In an article published in Eurasia Review entitled ‘Rapture’ Likely To Occur By 2021, Claims World Bible Society President‘, the World Bible Society’s President Dr. F. Kenton Beshore claims that “The End Times are nearing, and the ‘Rapture’ could happen within 10 years, and the Second Coming of Jesus Christ from 2018 and 2028.”
The ‘Rapture” is the belief of most evangelical Protestant Christians that prior to the Second Coming of Christ, faithful Christians will be “caught up,” and removed from the Earth; and thus be spared the terrible era of Armageddon. Beshore says he’s releasing his estimate at this time of global economic, political and spiritual crisis in hopes of inspiring believers to get prepared for the greatest opportunity for worldwide evangelism in the last 2,000 years.
For his prediction, Beshore updates some of the material used in the 1970’s Hal Lindsey book, “The Late Great Planet Earth.” In that book, Lindsey claimed he had unlocked the secrets in Matthew 24-25 where Jesus described the signs of his Second Coming.
Lindsey suggested the generation that witnessed the 1948 rebirth of the nation of Israel — would see the return of Jesus. But when 1988 came and went without Jesus’ return, Lindsey came under heavy criticism, ministers shied away from teaching Bible prophecy and many became skeptical about predictions regarding the Second Coming. They noted Jesus’ admonition in Matthew 24:36 that no one would know the “day or hour” of his return.
While no one knows the exact date, Beshore argues people can know the approximate time-frame, by watching for the signs Jesus described of his return. Beshore believes the Second Coming will occur sometime between 2018 and 2028, or 70 to 80 years after 1948.
You do not have to be a believing evangelical Protestant Christian to think humanity is coming to our end-time. A 2012 poll for Reuters reported that “nearly 15 percent of people worldwide believe the world will end during their lifetime. “Whether they think it will come to an end through the hands of God, or a natural disaster or a political event, whatever the reason, one in seven thinks the end of the world is coming,” said Keren Gottfried, research manager at Ipsos Global Public Affairs which conducted the poll for Reuters.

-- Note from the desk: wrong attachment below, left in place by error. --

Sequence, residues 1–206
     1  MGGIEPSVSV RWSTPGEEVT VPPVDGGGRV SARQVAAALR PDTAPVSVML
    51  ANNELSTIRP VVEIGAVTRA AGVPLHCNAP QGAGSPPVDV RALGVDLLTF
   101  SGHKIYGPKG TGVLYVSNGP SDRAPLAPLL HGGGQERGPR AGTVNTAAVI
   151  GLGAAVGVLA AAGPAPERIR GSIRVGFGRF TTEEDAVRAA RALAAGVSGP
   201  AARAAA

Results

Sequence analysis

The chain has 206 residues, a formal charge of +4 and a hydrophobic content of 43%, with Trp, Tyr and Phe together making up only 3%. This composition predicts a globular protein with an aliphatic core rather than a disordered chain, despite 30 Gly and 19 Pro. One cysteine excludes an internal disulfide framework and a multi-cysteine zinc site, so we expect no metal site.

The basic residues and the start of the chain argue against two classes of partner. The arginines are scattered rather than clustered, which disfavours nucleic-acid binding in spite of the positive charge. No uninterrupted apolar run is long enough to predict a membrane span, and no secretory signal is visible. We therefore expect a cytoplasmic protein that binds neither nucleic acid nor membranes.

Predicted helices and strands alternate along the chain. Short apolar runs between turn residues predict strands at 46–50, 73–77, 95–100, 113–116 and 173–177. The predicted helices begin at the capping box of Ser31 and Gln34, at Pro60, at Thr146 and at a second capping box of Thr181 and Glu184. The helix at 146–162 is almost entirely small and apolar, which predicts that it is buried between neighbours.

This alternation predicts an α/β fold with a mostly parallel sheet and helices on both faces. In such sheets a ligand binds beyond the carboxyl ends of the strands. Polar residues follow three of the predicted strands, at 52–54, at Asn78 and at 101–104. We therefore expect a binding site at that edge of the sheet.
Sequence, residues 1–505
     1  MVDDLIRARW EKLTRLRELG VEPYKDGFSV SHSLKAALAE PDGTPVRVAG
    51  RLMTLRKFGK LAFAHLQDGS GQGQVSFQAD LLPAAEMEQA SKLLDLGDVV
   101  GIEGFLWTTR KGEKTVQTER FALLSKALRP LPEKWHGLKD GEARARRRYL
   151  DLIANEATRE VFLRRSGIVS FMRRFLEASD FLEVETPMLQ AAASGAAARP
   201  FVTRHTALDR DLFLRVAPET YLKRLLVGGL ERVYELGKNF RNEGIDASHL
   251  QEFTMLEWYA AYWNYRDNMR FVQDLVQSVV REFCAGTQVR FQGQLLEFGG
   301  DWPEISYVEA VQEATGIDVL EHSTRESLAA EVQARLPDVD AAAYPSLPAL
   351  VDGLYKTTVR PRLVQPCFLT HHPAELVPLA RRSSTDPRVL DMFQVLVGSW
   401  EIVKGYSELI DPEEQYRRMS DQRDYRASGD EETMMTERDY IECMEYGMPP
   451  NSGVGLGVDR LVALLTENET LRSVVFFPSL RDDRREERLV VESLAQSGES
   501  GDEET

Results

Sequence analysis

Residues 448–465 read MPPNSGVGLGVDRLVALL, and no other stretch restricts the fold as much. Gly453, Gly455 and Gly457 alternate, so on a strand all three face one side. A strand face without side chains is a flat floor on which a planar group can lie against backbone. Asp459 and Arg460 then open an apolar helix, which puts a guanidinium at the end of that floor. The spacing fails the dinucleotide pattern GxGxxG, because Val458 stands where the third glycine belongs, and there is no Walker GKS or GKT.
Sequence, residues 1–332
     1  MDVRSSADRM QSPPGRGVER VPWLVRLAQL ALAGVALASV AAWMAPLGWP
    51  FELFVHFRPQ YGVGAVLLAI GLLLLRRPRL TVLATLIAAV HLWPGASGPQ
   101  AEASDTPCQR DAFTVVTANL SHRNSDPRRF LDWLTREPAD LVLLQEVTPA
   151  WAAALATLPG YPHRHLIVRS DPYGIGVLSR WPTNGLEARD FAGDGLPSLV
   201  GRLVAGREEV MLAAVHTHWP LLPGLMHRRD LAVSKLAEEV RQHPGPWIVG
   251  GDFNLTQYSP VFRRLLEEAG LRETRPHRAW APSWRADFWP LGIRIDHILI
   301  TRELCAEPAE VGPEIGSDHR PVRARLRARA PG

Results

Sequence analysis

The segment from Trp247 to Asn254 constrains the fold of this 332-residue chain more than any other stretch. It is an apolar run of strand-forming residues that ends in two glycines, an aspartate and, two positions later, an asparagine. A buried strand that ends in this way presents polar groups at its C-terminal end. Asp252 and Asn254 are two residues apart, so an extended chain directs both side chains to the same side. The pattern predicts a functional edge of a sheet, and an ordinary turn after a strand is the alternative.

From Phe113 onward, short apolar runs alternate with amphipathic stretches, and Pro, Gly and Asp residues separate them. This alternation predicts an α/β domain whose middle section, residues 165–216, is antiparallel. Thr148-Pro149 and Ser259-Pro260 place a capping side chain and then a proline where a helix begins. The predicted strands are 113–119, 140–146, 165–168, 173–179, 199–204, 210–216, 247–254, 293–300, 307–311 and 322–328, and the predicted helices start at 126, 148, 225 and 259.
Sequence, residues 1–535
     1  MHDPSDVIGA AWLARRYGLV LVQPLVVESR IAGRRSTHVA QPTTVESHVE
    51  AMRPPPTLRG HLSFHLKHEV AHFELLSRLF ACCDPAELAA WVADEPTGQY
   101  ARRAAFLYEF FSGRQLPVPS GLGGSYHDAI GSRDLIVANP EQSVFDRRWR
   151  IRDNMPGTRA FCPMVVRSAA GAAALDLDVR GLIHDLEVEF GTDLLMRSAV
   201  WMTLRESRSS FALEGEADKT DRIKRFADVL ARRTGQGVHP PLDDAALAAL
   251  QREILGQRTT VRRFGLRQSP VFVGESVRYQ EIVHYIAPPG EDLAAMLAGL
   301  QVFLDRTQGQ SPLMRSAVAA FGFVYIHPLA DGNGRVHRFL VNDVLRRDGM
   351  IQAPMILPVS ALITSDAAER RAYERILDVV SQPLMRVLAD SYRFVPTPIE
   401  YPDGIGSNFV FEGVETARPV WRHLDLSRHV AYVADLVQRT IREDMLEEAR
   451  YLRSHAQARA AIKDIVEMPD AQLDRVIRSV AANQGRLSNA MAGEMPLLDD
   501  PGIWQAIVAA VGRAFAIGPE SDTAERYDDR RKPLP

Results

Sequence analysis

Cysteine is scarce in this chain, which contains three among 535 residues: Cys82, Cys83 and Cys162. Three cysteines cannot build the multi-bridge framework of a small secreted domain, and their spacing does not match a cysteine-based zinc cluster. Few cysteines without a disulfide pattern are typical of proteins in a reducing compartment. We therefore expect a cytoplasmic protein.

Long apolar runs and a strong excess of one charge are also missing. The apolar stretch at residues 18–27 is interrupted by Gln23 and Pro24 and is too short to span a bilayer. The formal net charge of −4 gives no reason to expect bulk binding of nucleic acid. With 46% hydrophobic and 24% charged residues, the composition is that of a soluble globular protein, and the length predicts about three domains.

Responses to the international poll of 16,262 people in 20+ countries varied widely. Only six percent of French and eight percent of Great Britain residents believe in an impending Armageddon in their lifetime, compared to a high of 22 percent in Muslim Turkey, and Christian United States; and slightly less in South Africa and Argentina. People under 35 years old, were more likely to believe in a judgement day during their lifetime, or have anxiety over the prospect.
Between the Delta variant of Covid-19 wreaking havoc on unvaccinated populations all around the world, and the steadily increase of obvious signs of global warming, these figures surely have increased in the last nine years.
Of course, the world will not end, just as it has not ended on the previous dates that various Christian sects have predicted throughout the tumultuous decades of the 20th century. It is true that human society changed more rapidly, violently and fundamentally in the last 100 years than ever before in history. Doctors saved the lives of millions. Dictators sacrificed the lives of millions. Populations are exploding in Africa and populations are declining in Europe.
Technology produces both worldwide prosperity and worldwide pollution at the same time. Should we look upon the future with optimistic hope or with fatalistic trepidation? Is the world and our society heading towards a wonder-filled new age, or toward a doomsday? Or are both occurring almost concurrently because breakdown is always a prelude to breakthrough?
Jews, whose biblical prophets were the ones who first wrote about a future Messianic Age, recognize that the birth of a Messianic Age must be preceded by its birth-pangs, but emphasize mostly the glories of a world living in peace and prosperity with justice for all. Ancient Jewish prophecies did proclaim that there would be an end to the world as we know it. But they did not prophesy that the world will come to an end, nor did the Prophets of Israel offer an exact date for the transition. The advent of the Messianic Age is not knowable because humans have free will and thus the exact time and manner of redemption cannot be determined in advance.
Much depends on what we humans do. The beginning of the Messianic Age marks a time of transition from one World Age into another. How we move through this transition, either with resistance or acceptance, will determine whether the transformation will happen through cataclysmic changes or by a gradual reform of human society; which will lead to a world filled with peace, prosperity and spiritual tranquility.